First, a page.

Quick Reference

Time Period:

Silo at Barnard farm
Patten District, Shelburne Falls, MA

Chalk Drawing


Farms, Lanscapes & Views

22 x 29

Myles Standish Gallery, 1929
Pittsfield (MA) Art League, 1932
Southern Vermont AA, 1933
Myles Standish Gallery, 1944

NA, private



There are 3 known versions of this artwork and on top of that it shares same title as a completely different piece.

Related Links

Featured Artwork: High In New England #2

RSW's Diary Comments

Editor's Note & Commentary:

There are no diary comments regarding this subject for the following reasons. This subject has three versions we know of, however, two of them are chalk drawing in which Woodward did not keep any records, and the one and only known oil painting is not only unsigned but unnamed. The big question is why this seemingly typical subject for Woodward never got elevated to a satisfactory enough scene to paint, sign, name, and exhibit an epic version.

The 3 paintings of this scene:
Unnamed: High on a Hill, an oil
High In New England #2, a chalk drawing
From High In New England, a chalk drawing

Complicating matters more is the fact that there is ANOTHER chalk drawing by the same name of a completely different subject (to the right).

Forget the numbering. That has more to do with the website being aware of one painting before it learns there is another of the same name. Still, we could not tell you with any certainty which drawing that shares the same name came first, although, we believe the barn and silo scene was first and exhibited at the Myles Standish Gallery in 1929 from newspaper descriptions.

A close up of the drawing's name.
A close up of the drawing's name.

Additional Notes

A photograph of the silo and view from the farm in the painting.
A photograph of the Barnard's barn
and silo and view from the farm in the painting.

The scene is of David Barnard's farm at the end of Patten Road in Shelburne, MA, looking north toward Colrain and Vermont. The silo has now been removed and the 'whitewash' paint has faded back to gray barn boards.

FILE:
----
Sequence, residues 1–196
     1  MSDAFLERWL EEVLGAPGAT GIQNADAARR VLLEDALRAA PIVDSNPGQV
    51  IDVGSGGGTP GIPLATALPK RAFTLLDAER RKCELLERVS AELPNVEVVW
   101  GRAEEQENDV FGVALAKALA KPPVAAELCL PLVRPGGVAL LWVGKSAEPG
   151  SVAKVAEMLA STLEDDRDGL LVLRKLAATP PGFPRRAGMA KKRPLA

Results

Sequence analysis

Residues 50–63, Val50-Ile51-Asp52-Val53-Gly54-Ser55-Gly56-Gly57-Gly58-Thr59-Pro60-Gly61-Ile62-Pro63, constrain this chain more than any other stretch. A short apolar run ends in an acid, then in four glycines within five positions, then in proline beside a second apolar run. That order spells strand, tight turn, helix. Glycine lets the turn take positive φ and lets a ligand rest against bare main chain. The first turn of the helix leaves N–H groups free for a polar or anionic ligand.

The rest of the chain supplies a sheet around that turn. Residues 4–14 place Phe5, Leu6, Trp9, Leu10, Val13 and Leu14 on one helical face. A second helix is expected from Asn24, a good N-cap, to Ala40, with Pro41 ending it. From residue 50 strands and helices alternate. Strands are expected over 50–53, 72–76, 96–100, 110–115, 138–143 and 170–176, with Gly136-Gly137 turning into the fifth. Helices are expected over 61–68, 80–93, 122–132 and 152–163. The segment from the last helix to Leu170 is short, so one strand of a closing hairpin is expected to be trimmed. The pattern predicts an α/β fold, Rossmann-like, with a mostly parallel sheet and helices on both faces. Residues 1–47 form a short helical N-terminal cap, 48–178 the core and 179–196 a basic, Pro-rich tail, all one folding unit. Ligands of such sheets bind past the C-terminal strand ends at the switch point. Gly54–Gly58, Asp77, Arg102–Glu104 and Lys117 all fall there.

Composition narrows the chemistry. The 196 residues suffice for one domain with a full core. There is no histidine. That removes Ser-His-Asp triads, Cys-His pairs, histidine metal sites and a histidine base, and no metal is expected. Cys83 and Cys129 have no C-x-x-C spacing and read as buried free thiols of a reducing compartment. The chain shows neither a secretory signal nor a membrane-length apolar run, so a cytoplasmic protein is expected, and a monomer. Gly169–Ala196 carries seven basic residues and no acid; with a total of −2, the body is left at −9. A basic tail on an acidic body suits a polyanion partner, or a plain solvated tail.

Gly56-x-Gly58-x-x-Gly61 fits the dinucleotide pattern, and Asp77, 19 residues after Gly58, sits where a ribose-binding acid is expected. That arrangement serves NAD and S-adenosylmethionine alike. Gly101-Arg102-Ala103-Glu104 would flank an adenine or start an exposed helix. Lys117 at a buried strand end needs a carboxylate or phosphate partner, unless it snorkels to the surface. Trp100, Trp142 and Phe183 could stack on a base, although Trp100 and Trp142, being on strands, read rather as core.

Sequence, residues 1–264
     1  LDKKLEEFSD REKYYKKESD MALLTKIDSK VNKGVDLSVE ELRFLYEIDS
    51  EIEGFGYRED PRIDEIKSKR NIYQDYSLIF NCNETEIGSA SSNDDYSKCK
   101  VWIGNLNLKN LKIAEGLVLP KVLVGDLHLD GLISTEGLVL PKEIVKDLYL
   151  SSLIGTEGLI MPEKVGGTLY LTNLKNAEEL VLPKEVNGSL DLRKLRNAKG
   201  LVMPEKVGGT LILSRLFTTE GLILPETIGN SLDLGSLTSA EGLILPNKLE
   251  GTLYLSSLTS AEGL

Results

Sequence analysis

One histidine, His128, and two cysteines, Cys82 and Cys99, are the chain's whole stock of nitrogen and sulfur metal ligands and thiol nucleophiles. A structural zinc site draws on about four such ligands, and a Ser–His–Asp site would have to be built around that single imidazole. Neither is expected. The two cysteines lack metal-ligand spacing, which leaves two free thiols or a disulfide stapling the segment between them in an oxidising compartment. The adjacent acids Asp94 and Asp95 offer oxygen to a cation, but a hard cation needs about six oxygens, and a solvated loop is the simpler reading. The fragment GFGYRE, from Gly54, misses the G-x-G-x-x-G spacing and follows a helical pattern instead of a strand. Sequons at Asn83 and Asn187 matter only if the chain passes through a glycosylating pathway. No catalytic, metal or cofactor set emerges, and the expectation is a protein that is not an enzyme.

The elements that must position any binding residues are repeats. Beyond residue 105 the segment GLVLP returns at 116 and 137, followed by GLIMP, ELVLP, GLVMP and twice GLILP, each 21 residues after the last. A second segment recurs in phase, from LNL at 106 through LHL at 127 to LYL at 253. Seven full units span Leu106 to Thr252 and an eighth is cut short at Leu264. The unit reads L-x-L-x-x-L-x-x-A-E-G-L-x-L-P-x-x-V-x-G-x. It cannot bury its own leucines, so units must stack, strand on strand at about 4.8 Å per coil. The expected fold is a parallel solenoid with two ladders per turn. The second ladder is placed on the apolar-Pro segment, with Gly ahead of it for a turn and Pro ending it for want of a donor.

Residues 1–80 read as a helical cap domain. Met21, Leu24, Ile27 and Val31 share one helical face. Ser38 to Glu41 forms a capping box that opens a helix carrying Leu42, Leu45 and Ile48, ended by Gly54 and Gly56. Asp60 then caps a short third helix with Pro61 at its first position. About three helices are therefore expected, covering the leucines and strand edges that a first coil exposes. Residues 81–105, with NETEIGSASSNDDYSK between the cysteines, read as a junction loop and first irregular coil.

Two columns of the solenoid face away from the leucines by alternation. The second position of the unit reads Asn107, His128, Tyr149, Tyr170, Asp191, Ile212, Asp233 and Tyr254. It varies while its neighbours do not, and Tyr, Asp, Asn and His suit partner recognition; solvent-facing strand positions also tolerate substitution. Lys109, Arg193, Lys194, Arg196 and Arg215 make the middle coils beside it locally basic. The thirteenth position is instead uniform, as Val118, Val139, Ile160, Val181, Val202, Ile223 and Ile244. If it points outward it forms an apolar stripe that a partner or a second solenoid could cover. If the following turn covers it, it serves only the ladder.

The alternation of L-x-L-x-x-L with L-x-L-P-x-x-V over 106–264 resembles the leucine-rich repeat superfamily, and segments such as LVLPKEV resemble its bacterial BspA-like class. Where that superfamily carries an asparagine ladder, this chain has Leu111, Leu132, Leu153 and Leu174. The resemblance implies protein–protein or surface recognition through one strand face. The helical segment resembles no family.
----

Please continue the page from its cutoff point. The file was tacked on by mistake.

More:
Below are descriptions for, High in New England:

Boston Globe, May, 1929 by A. J. Philpott

"....High in New England is a gem. In it you look across the hilltops onto a wonderful sky. The whole thing is radiant."

New York Herald Tribune, Sunday, Sept. 3, 1933 by Royal Cortissoz

"Then there is a singularly vital pastel, High in New England, brilliantly technically and particularly impressive in its characterization of a scene, both beautiful and grim."

A photograph of the silo and view from the farm in the painting.
A handwritten note by Woodward to its new owners

Given the details of the descriptions above, particularly the reference of looking "across hilltops onto a wonderful sky," one can only assume that it is this scene and NOT the one of the man raking the grass in front of his crumbling home in Rowe, Massachusetts.

Complicating the situation is the handwritten note [to the left] by Woodward to its buyers in 1948. The questions we raise in the section above as to how this scene was NOT elevated to more than two known chalk drawing and an unsigned and unnamed oil painting is exasperated by three clear facts.

Woodward apparently kept this chalk in his private collection for 20 years before selling it.
He admits as much in his note, saying, "In the silo chalk to have what I consider, one of the most
     characterful and success[ful] pictures I ever made. To be truthful I was loathe to part with it!"

A chalk drawing by this same name exhibits in Woodward's first (1929) and his LAST (1944)
     exhibits held at the Myles Standish Hotel Gallery in Boston, indicating this it is not in fact a
     mistake but true. Not only that, the 1944 show was a collection of a number of Woodward's
     favorite paintings shown as a finale for the hotel before it closed shortly after.